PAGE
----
Collateral Peer To Peer Closes Its Doors
** Updated September 28th, 2018 **
You can read Collateral updates on BDO’s website here.
A Creditors Committee meeting occurred at BDO’s (the administrator) offices on September 26th, 2018. I wasn’t present for the meeting but I have received feedback. (My comments are in brackets):
- All of the data from the platform has been recovered so all the lenders’ loan balances and the information is safe (I hope BDO will formulate this date into a frontend web application in order for lender’s to access at some point)
- BDO appears to be handling the loan book in a professional manner. An undisclosed amount of loans have already been repaid with both capital and interest
- All of BDO’s fees must be approved by the committee. (These fees will be significant)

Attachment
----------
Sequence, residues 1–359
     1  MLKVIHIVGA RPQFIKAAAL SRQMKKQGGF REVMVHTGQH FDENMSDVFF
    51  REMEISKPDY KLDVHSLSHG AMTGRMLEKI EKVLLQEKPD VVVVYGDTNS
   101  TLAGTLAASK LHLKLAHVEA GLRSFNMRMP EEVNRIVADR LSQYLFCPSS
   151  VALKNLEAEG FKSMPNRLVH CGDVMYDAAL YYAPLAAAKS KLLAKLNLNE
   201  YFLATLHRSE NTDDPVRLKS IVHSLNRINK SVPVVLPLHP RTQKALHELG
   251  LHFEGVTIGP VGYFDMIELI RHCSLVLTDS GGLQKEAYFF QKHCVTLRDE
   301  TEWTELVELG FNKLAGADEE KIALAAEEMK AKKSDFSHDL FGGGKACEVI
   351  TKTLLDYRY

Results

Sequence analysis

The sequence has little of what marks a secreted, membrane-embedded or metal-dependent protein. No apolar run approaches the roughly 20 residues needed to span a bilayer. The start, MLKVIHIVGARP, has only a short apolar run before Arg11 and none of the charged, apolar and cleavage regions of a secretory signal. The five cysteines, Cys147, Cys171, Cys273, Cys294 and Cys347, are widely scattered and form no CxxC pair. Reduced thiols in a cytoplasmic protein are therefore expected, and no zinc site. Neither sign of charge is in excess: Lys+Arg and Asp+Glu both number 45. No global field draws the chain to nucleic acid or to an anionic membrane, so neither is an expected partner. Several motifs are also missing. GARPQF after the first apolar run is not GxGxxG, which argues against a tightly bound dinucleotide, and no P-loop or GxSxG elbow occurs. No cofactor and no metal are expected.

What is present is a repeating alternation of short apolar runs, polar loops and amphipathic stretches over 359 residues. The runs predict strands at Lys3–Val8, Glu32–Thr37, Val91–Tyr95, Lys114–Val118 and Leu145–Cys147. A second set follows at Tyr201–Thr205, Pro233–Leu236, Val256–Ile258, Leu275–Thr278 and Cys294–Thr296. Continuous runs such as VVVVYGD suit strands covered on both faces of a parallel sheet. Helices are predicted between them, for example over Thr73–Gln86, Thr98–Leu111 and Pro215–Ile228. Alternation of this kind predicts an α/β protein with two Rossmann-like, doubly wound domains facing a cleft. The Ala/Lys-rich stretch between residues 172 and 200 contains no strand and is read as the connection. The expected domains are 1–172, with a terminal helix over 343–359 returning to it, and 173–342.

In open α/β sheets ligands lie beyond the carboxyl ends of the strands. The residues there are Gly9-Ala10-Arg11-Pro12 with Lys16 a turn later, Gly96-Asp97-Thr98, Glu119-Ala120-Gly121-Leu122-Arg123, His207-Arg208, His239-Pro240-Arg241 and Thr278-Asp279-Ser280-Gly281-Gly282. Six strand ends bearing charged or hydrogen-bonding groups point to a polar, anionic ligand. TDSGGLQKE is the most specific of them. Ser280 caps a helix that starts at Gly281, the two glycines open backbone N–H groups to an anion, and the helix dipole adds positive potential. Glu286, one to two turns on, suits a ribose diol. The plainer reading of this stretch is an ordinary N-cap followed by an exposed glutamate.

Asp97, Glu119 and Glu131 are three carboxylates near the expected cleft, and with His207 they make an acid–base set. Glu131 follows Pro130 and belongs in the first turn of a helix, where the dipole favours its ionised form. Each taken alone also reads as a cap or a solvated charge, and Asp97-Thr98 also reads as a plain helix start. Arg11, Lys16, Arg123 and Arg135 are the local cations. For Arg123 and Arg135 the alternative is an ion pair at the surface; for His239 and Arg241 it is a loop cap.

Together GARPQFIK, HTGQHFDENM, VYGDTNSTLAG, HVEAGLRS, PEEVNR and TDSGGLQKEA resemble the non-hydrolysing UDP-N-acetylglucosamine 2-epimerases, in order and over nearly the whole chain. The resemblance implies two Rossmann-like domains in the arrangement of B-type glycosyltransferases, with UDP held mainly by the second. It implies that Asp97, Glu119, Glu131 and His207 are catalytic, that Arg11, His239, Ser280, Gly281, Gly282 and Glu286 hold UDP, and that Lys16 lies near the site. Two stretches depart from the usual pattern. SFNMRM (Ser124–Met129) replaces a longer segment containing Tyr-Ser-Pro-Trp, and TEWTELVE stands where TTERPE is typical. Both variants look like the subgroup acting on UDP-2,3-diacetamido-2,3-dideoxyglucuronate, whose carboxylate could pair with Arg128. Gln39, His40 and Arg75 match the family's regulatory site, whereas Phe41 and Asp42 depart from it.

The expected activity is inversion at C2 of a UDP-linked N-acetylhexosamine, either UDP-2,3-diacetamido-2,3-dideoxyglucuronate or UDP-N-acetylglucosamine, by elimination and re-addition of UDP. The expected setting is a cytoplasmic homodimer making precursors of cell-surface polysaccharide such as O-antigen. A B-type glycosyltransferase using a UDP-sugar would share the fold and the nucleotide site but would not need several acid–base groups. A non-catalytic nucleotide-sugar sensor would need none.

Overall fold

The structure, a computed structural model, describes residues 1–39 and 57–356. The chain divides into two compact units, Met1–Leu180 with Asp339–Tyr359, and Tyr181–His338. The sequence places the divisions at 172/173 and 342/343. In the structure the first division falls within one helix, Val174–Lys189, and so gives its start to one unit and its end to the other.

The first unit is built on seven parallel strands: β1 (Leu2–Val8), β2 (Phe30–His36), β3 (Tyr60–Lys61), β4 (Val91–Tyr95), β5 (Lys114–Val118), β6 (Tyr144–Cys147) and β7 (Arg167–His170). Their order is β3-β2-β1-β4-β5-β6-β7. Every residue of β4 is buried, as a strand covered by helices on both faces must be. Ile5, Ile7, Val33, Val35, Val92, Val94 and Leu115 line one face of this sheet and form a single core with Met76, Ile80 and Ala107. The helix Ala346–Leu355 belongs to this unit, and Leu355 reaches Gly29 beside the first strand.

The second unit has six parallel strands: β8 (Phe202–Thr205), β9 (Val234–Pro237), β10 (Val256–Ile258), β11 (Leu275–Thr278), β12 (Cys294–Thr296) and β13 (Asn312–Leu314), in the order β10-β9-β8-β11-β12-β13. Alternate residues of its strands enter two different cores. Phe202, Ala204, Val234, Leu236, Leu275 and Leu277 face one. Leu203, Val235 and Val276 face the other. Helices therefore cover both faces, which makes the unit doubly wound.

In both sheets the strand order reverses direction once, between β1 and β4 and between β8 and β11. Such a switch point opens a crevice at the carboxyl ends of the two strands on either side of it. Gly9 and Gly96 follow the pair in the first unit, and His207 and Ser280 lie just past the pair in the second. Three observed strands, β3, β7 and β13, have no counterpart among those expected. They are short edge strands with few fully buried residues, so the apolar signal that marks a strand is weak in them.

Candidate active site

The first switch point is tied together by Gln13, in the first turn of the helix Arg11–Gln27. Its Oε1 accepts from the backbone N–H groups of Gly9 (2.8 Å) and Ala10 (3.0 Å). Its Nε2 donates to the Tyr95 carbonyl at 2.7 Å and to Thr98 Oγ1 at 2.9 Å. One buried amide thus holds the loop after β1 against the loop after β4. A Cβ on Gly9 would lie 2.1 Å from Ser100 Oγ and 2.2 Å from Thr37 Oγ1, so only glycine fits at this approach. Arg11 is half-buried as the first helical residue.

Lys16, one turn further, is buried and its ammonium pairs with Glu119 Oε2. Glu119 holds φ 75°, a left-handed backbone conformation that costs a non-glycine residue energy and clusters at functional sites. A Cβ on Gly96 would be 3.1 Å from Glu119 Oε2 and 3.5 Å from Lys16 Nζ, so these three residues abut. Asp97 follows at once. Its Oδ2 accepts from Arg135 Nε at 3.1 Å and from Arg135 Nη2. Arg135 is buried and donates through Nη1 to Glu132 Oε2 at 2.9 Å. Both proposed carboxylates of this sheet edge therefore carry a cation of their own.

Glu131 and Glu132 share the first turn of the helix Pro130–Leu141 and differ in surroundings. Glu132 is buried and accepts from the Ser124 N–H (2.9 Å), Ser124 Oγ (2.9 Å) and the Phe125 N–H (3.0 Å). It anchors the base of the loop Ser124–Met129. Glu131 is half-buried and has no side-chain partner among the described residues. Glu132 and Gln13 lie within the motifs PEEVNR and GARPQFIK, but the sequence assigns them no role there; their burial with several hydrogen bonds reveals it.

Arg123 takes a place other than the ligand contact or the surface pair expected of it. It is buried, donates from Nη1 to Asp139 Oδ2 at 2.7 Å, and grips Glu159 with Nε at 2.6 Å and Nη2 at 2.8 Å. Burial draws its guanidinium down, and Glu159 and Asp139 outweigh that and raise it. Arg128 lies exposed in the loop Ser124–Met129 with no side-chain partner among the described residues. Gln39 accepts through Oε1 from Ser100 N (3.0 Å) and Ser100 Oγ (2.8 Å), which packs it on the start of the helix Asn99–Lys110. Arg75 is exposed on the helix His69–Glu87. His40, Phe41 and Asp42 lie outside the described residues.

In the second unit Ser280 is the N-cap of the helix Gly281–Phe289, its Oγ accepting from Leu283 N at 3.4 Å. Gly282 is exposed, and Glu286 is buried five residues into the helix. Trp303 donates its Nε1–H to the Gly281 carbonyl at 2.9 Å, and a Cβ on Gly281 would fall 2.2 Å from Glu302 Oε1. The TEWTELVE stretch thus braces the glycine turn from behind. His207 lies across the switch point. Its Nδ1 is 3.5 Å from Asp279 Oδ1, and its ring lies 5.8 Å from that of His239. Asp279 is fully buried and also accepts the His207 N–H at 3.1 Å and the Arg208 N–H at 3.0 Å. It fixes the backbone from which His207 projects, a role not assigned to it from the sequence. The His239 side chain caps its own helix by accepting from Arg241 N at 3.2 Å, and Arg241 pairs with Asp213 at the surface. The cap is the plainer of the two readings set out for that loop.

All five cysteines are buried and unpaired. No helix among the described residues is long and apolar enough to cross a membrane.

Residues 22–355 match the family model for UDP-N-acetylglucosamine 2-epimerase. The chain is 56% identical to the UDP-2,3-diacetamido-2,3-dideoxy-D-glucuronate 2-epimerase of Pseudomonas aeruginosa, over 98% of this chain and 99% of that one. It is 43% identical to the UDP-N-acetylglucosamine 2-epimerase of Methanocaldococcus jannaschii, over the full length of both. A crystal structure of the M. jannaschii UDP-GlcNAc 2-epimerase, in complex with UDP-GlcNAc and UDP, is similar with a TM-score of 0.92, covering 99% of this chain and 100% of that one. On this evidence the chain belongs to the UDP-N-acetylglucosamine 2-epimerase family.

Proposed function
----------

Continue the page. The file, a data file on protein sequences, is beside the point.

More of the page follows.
- There are talks of distributing recovered funds on a loan by loan and tranche by tranche basis. There is no timeline for this
- BDO is taking a hard lined approach on keeping the loans in good standing. They are willing to legally enforce default proceedings wherever necessary
While it’s still hard to determine how much of the loan book can be sold to repay lenders’, I found the meeting feedback to be positive.
Collateral has been court-appointed into administration due to an FCA regulation permissions
Collateral has ceased trading less than two years of opening its peer to peer lending doors in May 2016. Collateral received strong lender support from its beginnings as a jewellery pawn-broking style lender lending to its maturity as a property development and bridging loan facilitator. I had high hopes for Collateral and was ultimately shocked to hear about its shutdown.
For full disclosure, I have 5% of my net peer to peer lending invested in Collateral’s loans.